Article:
Is addiction the same as diabetes or Lupus? Absolutely not, but that doesn't make it less of a disease. My husband is a type one diabetic and my aunt suffers from Lupus, I also do not appreciate the comparison because like Ironic said there is nothing they did that contributed to them having the disease. That doesn't make addiction not one, just different. There are many different types of disease, ranging from a person not even noticing symptoms to not being able to get out of bed.

I believe will power is a component to staying in recovery but to say that is all it takes is quite ridiculous in my view. Everyone is entitled to their opinion but in my view your posts are exactly what's wrong with the worlds view of addicts. The thought that we are all just a bunch of uneducated, weak and selfish people is a very wrong characterization as I think is proven by the very caring and intelligent members we have here.


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PostPosted: Fri Jan 06, 2012 1:30 pm 
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Breezy_Ann wrote:
Saying educated people do not become addicts is completely false. Addiction affects everyone from every walk of life. The medical field is vastly affected by opiate addicts. Do you have some sort of study or documentation that shows educated people are less likely to become addicts? You have made some very insulting conclusions with your above posts.

Is addiction the same as diabetes or Lupus? Absolutely not, but that doesn't make it less of a disease. My husband is a type one diabetic and my aunt suffers from Lupus, I also do not appreciate the comparison because like Ironic said there is nothing they did that contributed to them having the disease. That doesn't make addiction not one, just different. There are many different types of disease, ranging from a person not even noticing symptoms to not being able to get out of bed.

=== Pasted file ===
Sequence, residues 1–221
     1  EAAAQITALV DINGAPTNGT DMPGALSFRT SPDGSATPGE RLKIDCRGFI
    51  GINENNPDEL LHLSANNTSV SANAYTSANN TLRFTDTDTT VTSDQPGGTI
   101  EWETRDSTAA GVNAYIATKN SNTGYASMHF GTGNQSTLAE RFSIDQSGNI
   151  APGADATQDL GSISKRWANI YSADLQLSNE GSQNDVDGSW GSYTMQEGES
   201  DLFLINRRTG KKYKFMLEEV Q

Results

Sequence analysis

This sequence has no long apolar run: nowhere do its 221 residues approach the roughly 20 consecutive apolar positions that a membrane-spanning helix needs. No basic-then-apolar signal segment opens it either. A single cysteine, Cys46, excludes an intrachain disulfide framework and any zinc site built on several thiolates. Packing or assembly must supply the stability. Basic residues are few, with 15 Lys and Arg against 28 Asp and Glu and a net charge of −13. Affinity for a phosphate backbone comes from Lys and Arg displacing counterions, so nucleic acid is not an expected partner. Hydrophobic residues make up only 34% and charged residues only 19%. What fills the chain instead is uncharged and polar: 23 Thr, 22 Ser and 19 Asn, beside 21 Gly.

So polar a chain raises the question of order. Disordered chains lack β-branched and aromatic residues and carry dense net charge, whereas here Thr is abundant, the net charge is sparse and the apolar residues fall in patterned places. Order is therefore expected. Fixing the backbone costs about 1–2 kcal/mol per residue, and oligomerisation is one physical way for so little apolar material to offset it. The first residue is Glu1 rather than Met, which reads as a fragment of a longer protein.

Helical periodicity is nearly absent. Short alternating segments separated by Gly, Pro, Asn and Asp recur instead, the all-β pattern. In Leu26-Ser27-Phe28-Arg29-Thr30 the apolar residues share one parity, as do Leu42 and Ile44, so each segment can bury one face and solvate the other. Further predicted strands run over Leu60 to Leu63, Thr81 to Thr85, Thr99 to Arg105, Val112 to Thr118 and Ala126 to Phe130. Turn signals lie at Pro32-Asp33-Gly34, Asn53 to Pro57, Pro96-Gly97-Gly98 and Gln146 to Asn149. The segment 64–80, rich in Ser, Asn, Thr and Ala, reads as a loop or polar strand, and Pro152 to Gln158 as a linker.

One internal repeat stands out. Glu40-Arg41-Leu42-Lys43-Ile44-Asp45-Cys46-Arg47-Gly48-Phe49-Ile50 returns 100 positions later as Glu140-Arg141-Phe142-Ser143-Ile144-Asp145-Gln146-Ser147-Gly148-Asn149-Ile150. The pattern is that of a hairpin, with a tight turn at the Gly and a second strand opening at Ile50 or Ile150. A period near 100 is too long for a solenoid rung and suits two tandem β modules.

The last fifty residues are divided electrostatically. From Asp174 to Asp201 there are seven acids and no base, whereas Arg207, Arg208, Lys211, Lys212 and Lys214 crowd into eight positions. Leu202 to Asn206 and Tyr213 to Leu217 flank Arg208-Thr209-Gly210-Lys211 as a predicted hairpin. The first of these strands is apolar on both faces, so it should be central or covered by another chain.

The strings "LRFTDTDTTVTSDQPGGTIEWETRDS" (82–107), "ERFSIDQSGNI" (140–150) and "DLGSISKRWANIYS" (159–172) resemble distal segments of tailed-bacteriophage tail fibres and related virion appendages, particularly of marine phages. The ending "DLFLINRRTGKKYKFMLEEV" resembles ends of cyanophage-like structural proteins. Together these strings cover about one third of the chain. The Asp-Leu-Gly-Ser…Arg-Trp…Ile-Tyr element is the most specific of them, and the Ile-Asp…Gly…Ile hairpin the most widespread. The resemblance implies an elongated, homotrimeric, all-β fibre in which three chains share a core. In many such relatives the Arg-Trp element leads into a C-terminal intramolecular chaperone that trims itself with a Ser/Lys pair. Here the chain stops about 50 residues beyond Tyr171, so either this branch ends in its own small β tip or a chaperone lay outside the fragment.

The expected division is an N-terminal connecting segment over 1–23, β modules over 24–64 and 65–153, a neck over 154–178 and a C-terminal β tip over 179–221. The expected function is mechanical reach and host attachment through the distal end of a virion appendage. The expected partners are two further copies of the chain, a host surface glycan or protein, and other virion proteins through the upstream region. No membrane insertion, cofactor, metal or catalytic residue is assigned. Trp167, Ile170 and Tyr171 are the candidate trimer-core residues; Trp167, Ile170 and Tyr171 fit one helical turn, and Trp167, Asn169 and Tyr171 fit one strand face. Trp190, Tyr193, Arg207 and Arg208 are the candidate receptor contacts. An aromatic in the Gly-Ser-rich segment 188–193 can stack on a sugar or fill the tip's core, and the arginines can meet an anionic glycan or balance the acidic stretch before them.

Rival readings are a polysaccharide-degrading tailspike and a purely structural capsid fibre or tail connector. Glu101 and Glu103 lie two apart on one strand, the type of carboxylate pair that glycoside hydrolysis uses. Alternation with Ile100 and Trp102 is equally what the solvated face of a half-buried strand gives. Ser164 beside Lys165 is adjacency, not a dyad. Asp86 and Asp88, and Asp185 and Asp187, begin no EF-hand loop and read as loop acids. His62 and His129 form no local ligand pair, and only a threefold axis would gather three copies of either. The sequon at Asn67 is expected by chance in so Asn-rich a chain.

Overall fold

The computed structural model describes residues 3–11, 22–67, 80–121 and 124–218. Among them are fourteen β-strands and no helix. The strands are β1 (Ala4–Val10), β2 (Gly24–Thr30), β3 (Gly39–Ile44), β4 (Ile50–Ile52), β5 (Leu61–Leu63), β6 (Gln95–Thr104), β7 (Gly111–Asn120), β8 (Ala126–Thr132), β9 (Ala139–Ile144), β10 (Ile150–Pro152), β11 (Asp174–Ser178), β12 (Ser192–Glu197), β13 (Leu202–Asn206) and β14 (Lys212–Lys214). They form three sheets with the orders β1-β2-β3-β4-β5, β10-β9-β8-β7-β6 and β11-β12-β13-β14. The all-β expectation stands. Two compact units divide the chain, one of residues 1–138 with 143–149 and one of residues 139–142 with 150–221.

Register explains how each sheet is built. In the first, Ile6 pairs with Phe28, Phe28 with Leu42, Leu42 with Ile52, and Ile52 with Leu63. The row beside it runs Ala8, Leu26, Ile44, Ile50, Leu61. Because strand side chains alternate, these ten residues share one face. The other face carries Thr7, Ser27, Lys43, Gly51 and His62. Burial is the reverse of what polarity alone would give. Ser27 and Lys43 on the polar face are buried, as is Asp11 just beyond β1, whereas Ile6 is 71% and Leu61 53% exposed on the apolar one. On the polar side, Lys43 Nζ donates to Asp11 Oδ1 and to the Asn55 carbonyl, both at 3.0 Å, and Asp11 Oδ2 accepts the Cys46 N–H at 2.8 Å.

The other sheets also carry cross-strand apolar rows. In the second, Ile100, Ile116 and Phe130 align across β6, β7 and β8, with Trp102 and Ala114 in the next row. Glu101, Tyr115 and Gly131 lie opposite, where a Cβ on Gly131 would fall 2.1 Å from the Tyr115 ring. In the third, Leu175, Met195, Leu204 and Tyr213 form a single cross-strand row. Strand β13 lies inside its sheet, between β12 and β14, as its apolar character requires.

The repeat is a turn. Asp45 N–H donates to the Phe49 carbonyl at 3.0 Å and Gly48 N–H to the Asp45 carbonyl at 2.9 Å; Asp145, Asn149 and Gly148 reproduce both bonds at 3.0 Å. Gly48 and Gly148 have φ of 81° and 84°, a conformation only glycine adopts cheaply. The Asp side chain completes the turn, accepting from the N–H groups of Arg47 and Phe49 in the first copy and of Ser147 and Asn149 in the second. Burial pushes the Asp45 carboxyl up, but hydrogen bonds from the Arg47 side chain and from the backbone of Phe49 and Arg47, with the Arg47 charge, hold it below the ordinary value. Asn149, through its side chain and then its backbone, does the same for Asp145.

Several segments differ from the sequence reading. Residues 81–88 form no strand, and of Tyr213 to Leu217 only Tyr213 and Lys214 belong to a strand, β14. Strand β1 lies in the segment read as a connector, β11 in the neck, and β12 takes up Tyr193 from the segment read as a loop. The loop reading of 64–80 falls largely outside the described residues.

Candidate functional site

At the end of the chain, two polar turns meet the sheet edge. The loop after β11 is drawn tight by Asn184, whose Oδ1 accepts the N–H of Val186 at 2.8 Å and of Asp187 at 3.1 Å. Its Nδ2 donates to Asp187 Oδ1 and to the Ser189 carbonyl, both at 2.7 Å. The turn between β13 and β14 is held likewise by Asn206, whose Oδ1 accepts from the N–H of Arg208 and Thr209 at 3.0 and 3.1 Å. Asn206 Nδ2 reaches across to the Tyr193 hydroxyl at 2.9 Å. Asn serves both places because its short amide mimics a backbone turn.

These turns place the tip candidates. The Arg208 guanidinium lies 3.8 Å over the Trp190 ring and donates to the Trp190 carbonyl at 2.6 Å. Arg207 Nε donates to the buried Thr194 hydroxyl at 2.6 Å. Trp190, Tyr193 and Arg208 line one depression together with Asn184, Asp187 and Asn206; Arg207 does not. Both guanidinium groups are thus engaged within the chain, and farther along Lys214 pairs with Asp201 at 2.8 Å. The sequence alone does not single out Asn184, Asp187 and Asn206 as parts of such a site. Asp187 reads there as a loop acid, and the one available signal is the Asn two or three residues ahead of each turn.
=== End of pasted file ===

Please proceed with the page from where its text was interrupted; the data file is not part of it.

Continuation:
I believe will power is a component to staying in recovery but to say that is all it takes is quite ridiculous in my view. Everyone is entitled to their opinion but in my view your posts are exactly what's wrong with the worlds view of addicts. The thought that we are all just a bunch of uneducated, weak and selfish people is a very wrong characterization as I think is proven by the very caring and intelligent members we have here.


I strongly agree with you, Breezy- you have made very valid points.